Let me guess. It involves the hunch of the elephant, the baking temperature of the refrigerator and the airspeed velocity of the unladen plane?
>NOMINATE scales people based on their choices relative to contemporaries
That's exactly *why* it works across decades. Because it allows a continuous chain of comparison even between people who never served together. (E.g, person A served with person B, person B later served with person C, person C later served with person D, etc)
> "JFK was more conservative than most conservatives are today"
Keith T. Poole at the University of Georgia has built his career on quanitfying the liberality/conservativeness of politics.
I couldn't find his numbers for John Kennedy, but he gave John Kennedy a -.318 during the 83rd Congress, making him the 15th most liberal member of that body. By comparison, in today's Senate, he'd rank as the 31st most liberal senator, between Senators Wyden and Murphy, and more liberal than EVERY SINGLE Republican in Congress.
There's no need for it to be abused. Just tag each POI with an <unconfirmed> tag and hide them on the map by default (but show them in searches) until they get reported by multiple users.
I couldn't care less about the TV except that it has to be diverting resources from improving the browser.
Does it? Improvements required to run the browser on a TV will necessarily involve making it more lightweight and portable, i.e. less dependent on the quirks of specific platforms.
We've seen strange swarm behavior here in Southern California the past two years. Anecdotes follow:
Last year, we had a swarm that probably lost its Queen (or didn't have one to begin with). They maintained a big ball in the tree for nearly four months, gradually all dying off. They made no honeycomb, just a few weird strands of propolis. In the past, when swarms failed to form a new hive, they didn't continue to go and harvest pollen and function like a hive, but all died off much more rapidly.
This year, we had a swarm ball up in a tree mid-afternoon. They hadn't found a hive by the next morning. By the next evening, they were all falling to the ground and writhing as if poisoned or something. By the second day, there were just heaps of dead bees all around the garden.
I don't claim to be any expert (although my Dad kept several hives when I was a kid). Still, I haven't seen this before. I don't know the cause of either phenomenon.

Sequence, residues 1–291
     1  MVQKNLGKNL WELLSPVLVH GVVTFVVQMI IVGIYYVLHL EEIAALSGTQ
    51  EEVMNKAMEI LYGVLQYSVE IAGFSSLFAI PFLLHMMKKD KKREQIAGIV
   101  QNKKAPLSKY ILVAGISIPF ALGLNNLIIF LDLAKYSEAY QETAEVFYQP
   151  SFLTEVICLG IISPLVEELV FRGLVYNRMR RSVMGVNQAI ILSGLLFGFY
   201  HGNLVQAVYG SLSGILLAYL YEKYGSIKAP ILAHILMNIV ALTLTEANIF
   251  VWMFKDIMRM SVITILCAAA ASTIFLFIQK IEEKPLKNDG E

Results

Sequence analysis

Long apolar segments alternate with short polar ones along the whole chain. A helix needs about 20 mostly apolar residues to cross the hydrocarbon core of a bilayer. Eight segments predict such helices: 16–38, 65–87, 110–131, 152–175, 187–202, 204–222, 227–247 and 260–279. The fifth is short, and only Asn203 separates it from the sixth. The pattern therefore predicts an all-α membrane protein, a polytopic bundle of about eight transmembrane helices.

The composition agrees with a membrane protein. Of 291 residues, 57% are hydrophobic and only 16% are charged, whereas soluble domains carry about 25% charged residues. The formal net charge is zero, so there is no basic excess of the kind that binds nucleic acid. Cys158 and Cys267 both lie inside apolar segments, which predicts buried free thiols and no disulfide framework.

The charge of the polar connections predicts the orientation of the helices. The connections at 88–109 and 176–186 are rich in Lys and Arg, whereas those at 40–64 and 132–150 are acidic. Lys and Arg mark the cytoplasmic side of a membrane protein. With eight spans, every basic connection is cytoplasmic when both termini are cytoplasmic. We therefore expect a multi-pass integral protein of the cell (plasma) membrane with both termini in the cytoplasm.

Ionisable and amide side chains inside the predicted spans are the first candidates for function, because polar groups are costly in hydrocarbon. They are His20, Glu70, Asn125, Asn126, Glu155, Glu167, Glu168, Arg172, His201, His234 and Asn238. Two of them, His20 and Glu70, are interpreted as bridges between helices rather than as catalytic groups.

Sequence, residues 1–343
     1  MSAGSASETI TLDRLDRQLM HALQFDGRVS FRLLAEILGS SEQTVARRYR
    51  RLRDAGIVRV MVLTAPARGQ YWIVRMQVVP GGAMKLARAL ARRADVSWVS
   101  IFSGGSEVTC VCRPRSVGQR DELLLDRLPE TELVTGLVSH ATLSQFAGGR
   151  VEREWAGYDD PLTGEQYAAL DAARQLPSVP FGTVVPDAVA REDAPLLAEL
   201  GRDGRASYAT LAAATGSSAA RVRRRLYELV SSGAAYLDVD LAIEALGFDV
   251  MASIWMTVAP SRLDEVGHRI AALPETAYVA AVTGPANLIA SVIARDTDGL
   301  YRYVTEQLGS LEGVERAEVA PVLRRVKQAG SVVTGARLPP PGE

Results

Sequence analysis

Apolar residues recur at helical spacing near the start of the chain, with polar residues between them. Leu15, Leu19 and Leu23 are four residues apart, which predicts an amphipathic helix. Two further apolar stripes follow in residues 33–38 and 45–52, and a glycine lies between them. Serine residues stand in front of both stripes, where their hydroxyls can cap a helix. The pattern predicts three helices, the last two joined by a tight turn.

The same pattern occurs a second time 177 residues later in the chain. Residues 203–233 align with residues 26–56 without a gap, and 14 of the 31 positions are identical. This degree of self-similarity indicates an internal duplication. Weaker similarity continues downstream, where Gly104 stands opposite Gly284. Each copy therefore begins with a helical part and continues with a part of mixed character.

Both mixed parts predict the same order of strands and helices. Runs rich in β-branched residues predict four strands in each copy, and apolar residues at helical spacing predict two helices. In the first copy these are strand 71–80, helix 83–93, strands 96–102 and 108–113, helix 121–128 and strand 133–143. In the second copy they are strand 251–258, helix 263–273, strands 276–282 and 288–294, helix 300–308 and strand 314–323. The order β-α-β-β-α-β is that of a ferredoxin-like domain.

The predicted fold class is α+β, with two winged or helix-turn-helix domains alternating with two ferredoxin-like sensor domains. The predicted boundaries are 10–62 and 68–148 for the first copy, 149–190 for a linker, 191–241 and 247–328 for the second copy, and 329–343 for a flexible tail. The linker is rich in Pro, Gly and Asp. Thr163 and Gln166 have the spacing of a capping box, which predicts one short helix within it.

How will Amazon handle the theft problem? Why just steal a package of unknown value when you can stuff the drone into a steel box and get a pile of expensive parts along with whatever bonus you find in the package being delivered.
Will Amazon be forced to redline neighborhoods that have a high attrition rate?
No one else can because it will cause Google's CTS tool to fail verifying which won't allow you to ship with Google Play.
Conversely, if someone else built such system and it worked to keep all vendors updated, it wouldn't matter much that it failed to validate in Google's CTS. In that situation it would be relatively easy to migrate everyone away from Google Play -developers first, and users would follow- to an alternate app market supported by the maintainer of such successful system.
Now that I think of it, that would be the most likely way a strong contender might use to take control of Android from Google - in fact, that may be precisely what Microsot has in mind for their recent partnership with Cyanogen - the old Embrace, Extend, Extinguish.
Under capitalism, man exploits man. Under communism, it's the other way around.
I just read the entire article and the author forgot one other solution: the British solution Instead of putting the burden on app developers to include backdoors, or on Google to block apps that don't, put the burden on end users to turn over their keys to police when asked. I'm not saying I like this solution, but it is a solution the author of the article didn't consider. If you make the sentence for non-cooperation long enough, it doesn't really matter if the police find what they're looking for: they can just lock you up for not handing over the keys.
In the USA, this would likely require a constitutional amendment, it is widely held that the Fifth Amendment "Right Against Self-Incrimination" protects the right not to divulge an encryption key.
I don't want a nanny-search moving the things I'm looking for down the page. Just give me what I searched for, nothing more, nothing less, no "judgment" about what I want to see.
So you'd rather have a complete database dump of all the web pages that contain your search terms, in random order, to do your own filtering among petabytes of data each time you look for "what you searched for, nothing less"?
'Cause any time you use a web search engine that provides just a few results, there *is* a judgement involved of which ones should appear at the first page; and Google is in the place it's now because their judgement was much better than any other search engine at the time. Including "mobile friendly" is only adding one more criterion to their ordering that they think will work well for a majority of their users.